Other Editors: Forget what they said in 2016


Greenwood Commonwealth



For all their crawfishing now about when it's appropriate in a presidential term to fill a vacancy on the U.S. Supreme Court, no one captures the shamelessness of the Republican majority in the Senate more than South Carolina Sen. Lindsey Graham.


In 2016, shortly after Antonin Scalia died, opening the way for then President Barack Obama to try to fill that seat on the high court with someone less conservative, Graham helped block that from happening.


"I want you to use my words against me," Graham said at the time. "If there's a Republican president in 2016 and a vacancy occurs in the last year of the first term, you can say Lindsey Graham said, 'Let's let the next president, whoever it might be, make that nomination.' And you could use my words against me and you'd be absolutely right."



More than two years later, with Donald Trump installed in the White House, Graham repeated that sentiment: "If an opening comes in the last year of President Trump's term, and the primary process has started, we'll wait till the next election."


When it became apparent, however, that this scenario might actually play out in Trump's first term, Graham began to walk back his previous pledges. The chairman of the Senate Judiciary Committee, who would oversee confirmation hearings, now appears to be solidly on board with Majority Leader Mitch McConnell to rush through this year Trump's choice to replace Ruth Bader Ginsburg.


It's not politically surprising that Republicans have changed their tune from four years ago, when they steadfastly maintained how inappropriate it was to vote on a high court nominee since Americans were getting ready to decide on who the next president would be. With Ginsburg's passing, they have a chance conceivably to tilt the court to the right for decades to come. That opportunity could pass them by if they don't act now and then Trump loses in November or they lose majority control of the senate.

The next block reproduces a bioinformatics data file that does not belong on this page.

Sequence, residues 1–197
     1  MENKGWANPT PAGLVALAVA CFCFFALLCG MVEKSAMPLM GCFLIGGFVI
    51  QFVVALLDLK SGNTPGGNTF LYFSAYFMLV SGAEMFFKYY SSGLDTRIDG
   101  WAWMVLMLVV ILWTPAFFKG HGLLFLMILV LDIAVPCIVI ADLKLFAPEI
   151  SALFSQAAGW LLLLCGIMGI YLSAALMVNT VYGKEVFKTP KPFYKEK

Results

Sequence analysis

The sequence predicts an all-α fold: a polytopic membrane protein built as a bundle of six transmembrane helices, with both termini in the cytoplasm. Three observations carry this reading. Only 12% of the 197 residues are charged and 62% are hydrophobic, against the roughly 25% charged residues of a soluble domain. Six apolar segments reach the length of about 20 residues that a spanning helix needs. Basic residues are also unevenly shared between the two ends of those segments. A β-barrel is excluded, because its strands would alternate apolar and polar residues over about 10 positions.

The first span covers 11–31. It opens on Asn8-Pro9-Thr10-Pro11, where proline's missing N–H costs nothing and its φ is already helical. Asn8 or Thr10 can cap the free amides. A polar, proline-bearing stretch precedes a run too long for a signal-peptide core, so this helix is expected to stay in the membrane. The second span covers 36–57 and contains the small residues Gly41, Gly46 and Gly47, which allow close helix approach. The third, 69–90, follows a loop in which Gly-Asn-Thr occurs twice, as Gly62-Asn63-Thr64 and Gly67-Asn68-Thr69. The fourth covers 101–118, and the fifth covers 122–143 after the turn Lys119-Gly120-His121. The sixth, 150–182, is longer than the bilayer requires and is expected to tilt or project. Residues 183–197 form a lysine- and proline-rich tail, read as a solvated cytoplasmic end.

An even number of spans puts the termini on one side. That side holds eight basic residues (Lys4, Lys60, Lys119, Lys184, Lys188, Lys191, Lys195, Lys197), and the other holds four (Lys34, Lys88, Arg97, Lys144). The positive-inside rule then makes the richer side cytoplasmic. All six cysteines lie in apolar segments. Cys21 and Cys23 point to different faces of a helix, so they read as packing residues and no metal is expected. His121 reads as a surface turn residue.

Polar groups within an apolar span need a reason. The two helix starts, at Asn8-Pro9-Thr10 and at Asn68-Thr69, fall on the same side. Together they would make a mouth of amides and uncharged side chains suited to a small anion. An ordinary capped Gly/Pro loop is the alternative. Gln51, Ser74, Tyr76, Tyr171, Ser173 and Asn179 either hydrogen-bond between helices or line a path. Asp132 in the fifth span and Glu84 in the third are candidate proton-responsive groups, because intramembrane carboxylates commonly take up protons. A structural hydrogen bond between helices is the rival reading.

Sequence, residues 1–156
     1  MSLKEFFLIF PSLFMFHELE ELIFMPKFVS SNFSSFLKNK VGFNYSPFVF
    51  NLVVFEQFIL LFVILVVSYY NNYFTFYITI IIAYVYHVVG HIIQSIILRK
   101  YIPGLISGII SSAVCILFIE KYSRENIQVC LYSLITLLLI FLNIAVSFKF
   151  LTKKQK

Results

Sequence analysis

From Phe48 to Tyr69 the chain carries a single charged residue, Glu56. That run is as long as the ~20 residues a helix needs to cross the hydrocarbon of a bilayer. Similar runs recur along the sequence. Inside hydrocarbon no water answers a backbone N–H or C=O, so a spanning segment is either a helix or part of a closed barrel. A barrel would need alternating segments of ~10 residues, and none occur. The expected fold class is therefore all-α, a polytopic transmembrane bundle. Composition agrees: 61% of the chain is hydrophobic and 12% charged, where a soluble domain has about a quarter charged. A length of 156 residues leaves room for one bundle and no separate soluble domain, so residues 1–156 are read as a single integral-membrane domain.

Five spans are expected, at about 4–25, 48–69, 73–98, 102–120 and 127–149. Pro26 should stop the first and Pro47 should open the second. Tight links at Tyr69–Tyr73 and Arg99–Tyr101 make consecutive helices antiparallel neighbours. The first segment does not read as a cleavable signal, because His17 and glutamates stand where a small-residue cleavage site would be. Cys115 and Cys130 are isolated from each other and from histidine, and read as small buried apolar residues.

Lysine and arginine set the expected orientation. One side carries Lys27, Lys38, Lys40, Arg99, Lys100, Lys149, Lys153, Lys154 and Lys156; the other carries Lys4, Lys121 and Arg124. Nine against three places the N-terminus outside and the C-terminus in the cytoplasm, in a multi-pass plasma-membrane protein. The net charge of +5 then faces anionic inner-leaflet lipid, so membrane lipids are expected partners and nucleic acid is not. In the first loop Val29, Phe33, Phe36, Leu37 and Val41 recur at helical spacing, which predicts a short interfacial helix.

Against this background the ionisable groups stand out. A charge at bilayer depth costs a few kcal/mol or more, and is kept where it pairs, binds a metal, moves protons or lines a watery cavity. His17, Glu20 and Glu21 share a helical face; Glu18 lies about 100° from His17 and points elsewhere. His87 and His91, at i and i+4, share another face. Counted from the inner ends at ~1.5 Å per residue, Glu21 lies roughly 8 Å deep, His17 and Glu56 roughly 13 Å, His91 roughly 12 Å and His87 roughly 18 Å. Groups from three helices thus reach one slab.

Still, if Republican senators fail to keep their word, they could open a Pandora's box in which whoever is in the majority will try even more strenuously to turn the presumably impartial high court into a offshoot of their party. Already Democrats have threatened that if the Senate approves Trump's nomination for Ginsburg's seat, and if Democrats subsequently win the presidential contest and retake control of the Senate, they may try to ram through legislation to "pack the court" with a few extra justices appointed by Biden.


That could create a cycle of judicial one-upmanship, with each party adding justices every time it holds the Senate and the White House at the same time.


Finding a successor for Ginsburg showcases everything that's dysfunctional about Washington -- how both parties are determined to stack the deck for their short-term interests instead of doing a little thinking about what's best for the nation for the long haul. This constant back and forth, this taking back what you said so sincerely just a short time ago, explains so well how Washington rarely gets anything of substance done. Few if any of the people in power can be trusted.


Maybe it was a bad idea to establish the precedent of a president's last year being a Supreme Court-free period, but it was one that the GOP leadership created. It should live by that rule in 2020.


Then after the election, no matter who wins, senators in both parties should sit down and work out the rules going forward, including possibly reinstituting the 60-vote threshold for confirmations to the Supreme Court. That would avoid the currently corrosive situation in which slim majorities can run roughshod over the minority party.




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